2. For value investors, the answer is no, but the more pertinent question is when to sell.
3. Value investors set selling criteria at the time of purchase.
4. Their attitude in buying is to select stocks that are least likely ever to trigger the criteria for selling.
5. But businesses change, and when they deteriorate, their shares should be sold, just as the owner of a business sometimes must decide to close down.
6. When selecting stocks, value investors specify what deterioration means for purposes of selling.
7. The logic is simple: The same factors used to select and avoid stocks are used to decide which stocks to sell and when. #
8. Value investors avoid selling when bad news is temporary.
9. Single quarter profit margin slippage should provoke questions, but not sales orders.
10. If investigation shows deeper problems, then the condition might be permanent and selling indicated.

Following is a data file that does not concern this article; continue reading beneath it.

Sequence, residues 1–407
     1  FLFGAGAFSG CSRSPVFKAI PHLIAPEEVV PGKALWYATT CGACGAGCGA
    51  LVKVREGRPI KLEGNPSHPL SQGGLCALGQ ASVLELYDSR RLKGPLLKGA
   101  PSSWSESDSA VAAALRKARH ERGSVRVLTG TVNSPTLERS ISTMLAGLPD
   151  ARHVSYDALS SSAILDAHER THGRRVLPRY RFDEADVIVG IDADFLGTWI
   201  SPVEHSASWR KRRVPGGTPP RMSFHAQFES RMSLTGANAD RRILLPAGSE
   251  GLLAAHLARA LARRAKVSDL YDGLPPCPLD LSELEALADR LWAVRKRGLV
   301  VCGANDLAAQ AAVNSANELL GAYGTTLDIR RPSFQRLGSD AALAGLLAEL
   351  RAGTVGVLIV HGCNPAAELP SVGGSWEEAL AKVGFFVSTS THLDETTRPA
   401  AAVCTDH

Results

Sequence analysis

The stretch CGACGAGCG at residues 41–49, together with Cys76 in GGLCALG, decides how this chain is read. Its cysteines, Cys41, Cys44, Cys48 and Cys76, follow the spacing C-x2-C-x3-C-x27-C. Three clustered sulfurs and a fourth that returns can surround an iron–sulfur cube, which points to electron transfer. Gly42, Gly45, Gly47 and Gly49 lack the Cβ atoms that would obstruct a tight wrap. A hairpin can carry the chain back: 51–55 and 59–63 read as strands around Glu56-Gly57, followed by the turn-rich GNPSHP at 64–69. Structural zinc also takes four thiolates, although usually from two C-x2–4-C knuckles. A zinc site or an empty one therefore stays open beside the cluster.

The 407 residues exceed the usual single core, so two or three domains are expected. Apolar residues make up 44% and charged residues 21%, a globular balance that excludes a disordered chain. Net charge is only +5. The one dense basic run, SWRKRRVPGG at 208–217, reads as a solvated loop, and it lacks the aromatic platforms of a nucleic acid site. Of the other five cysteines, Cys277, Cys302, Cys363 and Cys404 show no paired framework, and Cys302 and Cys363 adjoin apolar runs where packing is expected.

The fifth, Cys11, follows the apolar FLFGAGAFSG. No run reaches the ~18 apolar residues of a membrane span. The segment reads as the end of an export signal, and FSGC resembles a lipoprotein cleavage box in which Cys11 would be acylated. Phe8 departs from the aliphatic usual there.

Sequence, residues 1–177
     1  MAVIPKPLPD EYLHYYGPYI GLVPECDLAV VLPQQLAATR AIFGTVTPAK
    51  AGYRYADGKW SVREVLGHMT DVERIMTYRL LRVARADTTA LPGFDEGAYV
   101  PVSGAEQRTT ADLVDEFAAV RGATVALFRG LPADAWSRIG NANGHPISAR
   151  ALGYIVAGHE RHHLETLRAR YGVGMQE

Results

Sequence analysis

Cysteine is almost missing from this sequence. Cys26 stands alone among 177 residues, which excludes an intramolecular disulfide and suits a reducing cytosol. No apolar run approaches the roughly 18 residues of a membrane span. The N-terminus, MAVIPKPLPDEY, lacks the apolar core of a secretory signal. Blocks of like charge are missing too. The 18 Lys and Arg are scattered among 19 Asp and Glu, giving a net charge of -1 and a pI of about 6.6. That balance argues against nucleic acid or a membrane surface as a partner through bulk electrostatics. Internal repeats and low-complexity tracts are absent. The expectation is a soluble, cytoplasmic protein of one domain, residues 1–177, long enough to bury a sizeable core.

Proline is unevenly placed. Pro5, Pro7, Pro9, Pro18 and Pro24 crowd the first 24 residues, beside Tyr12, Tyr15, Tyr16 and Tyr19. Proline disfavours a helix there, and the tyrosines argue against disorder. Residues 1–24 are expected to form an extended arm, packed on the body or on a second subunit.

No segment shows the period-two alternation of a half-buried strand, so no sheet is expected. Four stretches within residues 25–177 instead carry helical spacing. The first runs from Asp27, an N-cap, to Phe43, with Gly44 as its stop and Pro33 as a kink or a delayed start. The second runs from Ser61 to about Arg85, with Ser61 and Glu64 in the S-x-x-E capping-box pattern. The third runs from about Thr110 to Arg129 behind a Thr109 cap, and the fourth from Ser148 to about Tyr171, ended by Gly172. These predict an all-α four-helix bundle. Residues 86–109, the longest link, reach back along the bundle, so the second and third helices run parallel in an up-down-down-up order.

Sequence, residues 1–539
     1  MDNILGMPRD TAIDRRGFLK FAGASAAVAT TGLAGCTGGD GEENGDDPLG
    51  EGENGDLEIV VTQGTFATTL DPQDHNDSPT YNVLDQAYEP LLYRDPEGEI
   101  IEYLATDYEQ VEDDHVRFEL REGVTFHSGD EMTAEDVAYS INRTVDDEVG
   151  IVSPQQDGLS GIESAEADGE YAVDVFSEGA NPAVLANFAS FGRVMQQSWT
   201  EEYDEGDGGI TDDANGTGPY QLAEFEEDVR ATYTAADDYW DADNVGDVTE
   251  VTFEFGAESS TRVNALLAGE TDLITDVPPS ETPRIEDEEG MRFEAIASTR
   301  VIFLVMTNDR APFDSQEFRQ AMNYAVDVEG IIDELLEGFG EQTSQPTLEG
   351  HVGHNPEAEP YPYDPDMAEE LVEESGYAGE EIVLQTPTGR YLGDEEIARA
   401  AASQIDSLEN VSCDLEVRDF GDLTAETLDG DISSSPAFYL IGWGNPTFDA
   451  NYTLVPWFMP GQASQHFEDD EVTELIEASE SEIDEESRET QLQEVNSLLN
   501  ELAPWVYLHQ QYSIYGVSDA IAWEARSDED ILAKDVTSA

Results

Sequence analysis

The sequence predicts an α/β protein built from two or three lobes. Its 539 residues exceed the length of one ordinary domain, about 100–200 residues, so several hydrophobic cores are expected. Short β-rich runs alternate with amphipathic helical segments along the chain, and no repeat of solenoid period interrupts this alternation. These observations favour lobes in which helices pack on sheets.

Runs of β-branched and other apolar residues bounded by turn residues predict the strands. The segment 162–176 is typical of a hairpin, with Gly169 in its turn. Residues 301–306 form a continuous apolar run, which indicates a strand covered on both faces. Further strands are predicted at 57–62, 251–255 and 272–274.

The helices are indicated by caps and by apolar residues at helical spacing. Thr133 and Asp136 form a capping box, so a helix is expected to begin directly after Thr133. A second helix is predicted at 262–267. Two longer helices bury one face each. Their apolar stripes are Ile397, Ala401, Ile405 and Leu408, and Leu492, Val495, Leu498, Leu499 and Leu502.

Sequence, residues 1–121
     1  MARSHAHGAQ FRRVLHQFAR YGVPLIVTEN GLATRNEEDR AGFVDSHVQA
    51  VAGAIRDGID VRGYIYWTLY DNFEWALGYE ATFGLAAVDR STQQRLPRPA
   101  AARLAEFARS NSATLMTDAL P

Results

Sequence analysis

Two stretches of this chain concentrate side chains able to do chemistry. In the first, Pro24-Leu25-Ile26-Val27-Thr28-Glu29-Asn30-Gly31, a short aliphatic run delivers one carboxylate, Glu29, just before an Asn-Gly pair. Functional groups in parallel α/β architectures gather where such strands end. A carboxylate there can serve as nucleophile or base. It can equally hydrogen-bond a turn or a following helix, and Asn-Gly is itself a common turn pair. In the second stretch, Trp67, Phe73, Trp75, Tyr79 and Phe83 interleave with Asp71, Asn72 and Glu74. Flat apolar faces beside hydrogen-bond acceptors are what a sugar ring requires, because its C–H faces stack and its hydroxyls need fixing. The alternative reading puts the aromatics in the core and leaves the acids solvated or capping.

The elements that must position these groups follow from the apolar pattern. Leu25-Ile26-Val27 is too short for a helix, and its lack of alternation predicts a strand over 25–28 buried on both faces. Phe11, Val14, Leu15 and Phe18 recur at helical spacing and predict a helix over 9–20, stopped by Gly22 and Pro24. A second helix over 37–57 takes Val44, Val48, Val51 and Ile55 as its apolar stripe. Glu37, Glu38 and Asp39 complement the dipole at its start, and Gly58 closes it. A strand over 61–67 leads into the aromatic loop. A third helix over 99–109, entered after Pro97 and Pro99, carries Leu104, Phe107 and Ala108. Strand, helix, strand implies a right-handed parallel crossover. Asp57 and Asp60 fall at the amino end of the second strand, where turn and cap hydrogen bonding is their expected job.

11. Permanent deterioration requires more evidence.
12. When in doubt concerning whether the deterioration is temporary or permanent, value investing might include a hedging strategy.
13. This would call for selling some but less than all shares held.
14. Value investors never sell solely due to falling prices.
15. They require some evidence related to the declining intrinsic value of the business to warrant a revision in the hold-or-sell calculus.
16. Stock price fluctuations are far too ficle to influence such an important decision.
17. In the case of a preset policy to sell when price reaches a certain high level, many value investors follow the same mixed strategy adhered to when unsure whether a development is permanent or temporary: selling some, but not all.
# Sales are indicated when the key factors supporting an original buy are gone. Here is a summary of such factors:
- dubious management behaviour,
- vague disclosure or complex accounting,
- aggressively increased merger activity,
- dizzying executive compensation packages.
- intensifying new competition,
- disruptive technological onslaughts,
- declining inventory and receivables turns.
- shrunken profit margins,
- declining returns on equity, assets, and investments,
- earnings erosion,
- debt increased aggressively in relation to equity,
- deterioration in current and quick ratios.